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Is the Big Society the good society?

Dave Clements

Mayor Boris Johnson recently bantered good naturedly on affordable housing with some unhappy (i.e. unelected) BNP hecklers. I was in Barking as he steered an unsatisfactory course between condemning the previous government’s “disastrous” immigration policy while putting the narrow economic case for an asylum amnesty. But it was Cllr Phil Waker, Cabinet Member for Housing at Barking & Dagenham that got my attention.

Whilst I’m not one to romanticise council housing, I was encouraged by his welcome of the return of the “right to build” and with it the devolved funding he expected Boris to lobby for. While housing associations are remote and unaccountable, he said, you can at least ‘get rid of us if you don’t like us’.houses 300x204 Is the Big Society the good society?

Waker’s ready acknowledgement of the responsibilities of office, and of his accountability to a much maligned local electorate, was refreshing. Especially given the evasive rhetoric I was becoming accustomed to. In an earlier talk by Jonty Olliff-Cooper, a ‘specialist in the Big Society movement’ and formerly of the Conservative Party Strategy Unit, we were urged to welcome the age of the “listening politician”. Why? Because they ‘don’t need to have the right answer any more’. The retreat of politics is seldom put so bluntly.

The Chief Executive of the RSA, Matthew Taylor, for example, went around the proverbial houses at the launch of a new “vision” for public services.  Speaking as a member of the Commission on 2020 Public Services, he insisted that the days are over when people could just ‘sit back passively’ while the state provided services for them. This was in response to an irate audience member accusing the Commission of an “abdication of responsibility”. Taylor advocates an “active” citizenship where we all muck in and gain a sense of togetherness. A thoroughly Blairite invention, but one that fits just as snugly within Cameron’s increasingly austere Big Society. Whether it’s to balance the books or to civilise the masses, outsourcing responsibility for local services amounts to much the same.

And yet for all the cynical uses to which it is put, I still hold out some hope for the concept of the Big Society. I liked much of what Toby Young has to say regarding free schools, for instance. He makes the case for a classic liberal education, albeit on the ‘boutique’ scale of his proposed West London Free School (as one much-lauded headteacher has sniffily put it). Not a new idea, granted. But a good one. Indeed, Young’s defence of “old school” values is as rare as the empty rhetoric about engaging people and devolving power is commonplace.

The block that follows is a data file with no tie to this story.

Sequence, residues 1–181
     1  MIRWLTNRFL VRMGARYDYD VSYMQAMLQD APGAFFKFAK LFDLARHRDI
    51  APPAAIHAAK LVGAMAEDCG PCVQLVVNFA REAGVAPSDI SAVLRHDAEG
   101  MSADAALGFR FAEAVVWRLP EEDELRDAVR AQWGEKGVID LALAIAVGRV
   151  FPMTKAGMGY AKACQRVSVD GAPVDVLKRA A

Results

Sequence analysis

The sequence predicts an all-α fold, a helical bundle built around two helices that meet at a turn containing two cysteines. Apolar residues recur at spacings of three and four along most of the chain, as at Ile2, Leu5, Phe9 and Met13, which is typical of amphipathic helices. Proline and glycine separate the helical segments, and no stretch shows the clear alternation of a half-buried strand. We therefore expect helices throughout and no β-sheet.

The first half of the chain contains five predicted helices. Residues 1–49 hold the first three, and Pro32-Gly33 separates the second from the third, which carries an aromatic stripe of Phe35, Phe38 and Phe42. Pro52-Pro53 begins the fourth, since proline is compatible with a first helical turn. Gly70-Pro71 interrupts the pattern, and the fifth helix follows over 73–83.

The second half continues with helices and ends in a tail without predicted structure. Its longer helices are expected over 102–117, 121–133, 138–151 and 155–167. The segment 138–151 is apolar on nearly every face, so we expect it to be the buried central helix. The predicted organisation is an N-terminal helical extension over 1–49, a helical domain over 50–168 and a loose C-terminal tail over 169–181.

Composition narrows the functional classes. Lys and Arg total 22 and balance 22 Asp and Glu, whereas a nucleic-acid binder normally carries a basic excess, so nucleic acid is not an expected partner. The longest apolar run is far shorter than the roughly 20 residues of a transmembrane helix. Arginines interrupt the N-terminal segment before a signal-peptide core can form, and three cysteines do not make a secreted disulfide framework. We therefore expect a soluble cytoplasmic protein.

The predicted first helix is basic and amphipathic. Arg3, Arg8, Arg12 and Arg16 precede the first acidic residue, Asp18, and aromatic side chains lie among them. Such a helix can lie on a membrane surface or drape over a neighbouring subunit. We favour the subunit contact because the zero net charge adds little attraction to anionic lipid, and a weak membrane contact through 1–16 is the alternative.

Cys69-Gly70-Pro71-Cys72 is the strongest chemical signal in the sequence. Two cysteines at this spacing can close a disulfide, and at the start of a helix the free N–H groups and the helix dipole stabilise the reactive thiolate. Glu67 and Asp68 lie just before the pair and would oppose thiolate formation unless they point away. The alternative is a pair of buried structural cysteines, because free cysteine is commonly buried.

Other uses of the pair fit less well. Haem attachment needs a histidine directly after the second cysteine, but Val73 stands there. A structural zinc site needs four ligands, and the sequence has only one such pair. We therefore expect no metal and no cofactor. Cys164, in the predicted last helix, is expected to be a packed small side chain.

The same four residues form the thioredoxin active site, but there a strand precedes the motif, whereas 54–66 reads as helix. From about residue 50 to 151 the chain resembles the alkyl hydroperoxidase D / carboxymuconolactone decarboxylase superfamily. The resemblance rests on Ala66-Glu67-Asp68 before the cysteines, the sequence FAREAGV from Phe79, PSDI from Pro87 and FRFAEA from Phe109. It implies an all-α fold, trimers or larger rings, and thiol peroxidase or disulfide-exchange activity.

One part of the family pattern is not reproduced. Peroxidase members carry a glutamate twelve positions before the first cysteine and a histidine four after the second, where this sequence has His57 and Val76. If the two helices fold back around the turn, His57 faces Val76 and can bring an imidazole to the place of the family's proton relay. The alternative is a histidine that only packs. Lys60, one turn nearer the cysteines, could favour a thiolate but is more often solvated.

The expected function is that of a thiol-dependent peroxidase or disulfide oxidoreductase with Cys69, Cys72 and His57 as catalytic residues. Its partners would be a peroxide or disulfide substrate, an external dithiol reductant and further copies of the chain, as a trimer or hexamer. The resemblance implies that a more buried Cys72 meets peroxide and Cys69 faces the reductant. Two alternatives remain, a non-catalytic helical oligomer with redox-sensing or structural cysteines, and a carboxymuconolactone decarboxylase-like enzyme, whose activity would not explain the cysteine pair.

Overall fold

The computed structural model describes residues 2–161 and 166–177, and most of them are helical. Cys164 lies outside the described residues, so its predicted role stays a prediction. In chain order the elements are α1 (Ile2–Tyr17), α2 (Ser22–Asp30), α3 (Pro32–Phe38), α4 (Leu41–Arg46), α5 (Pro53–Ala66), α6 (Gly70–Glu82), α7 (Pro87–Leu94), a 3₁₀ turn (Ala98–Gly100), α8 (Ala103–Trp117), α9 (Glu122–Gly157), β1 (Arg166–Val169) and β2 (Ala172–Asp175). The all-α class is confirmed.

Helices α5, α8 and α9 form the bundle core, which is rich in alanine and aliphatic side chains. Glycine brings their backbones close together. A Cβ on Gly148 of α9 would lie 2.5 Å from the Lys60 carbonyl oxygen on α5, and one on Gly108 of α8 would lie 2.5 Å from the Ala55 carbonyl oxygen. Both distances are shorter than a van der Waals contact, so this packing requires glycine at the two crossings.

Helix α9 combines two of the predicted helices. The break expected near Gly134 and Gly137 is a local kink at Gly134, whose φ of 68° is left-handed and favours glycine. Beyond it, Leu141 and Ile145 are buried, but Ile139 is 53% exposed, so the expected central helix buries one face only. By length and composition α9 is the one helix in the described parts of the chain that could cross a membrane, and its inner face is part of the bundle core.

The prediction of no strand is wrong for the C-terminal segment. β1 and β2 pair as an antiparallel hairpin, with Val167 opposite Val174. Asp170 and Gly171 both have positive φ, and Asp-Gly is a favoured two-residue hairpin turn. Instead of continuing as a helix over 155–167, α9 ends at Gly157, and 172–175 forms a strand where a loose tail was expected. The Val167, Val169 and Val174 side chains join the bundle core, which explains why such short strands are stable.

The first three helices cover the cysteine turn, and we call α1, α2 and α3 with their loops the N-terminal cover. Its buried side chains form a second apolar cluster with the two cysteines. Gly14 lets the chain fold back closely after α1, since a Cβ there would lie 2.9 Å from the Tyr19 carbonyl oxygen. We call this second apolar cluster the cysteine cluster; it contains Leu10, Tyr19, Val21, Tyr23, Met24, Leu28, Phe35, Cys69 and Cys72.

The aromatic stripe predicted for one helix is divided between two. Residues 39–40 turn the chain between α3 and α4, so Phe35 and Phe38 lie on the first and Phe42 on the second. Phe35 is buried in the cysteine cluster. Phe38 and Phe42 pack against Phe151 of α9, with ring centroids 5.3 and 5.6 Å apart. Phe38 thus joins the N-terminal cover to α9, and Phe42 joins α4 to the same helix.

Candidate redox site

However the only way the political class will ever really engage people is by coming up with some ideas of its own, not by delegating the job to us. In the absence of ambitious proposals to rebuild the economy (or at least some houses) the good society will remain as elusive as ever. The flight from responsibility of our elected representatives in the name of the Big Society must be exposed for what it is. And for bucking the trend, Cllr Phil Waker should be congratulated.

Throughout October and November, The Independent Online is partnering with the Battle of Ideas festival to present a series of guest blogs from festival speakers on the key questions of our time.

Dave Clements is a writer on social policy and co-editor of The Future of Community (Pluto 2008). He is one of the organisers of the Battle for Social Policy, a stand of debates taking place at the Battle of Ideas festival on Saturday 30 October and is chairing the session “Is the Big Society the good society?”.

(Picture:Getty Images)

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  • Jasonsmith17

    It’s interesting to speculate if the Big Society idea will become the latest excuse for not building any houses – that would at least give the idea substance. (Lord) Nat Wei at a tory party conference fringe event said he didn’t know what BS is because that’s for us to decide. I don’t think he had housing in mind though when he expanded his point and referred to street-parties and baby-sitting networks.

  • JohnJustice

    This should be amongst John Rentoul’s questions to which the answer is no. Good societies require adequate public funding of local initiatives and giving people enough time to carry them out not leaving it all for hard pressed families to do.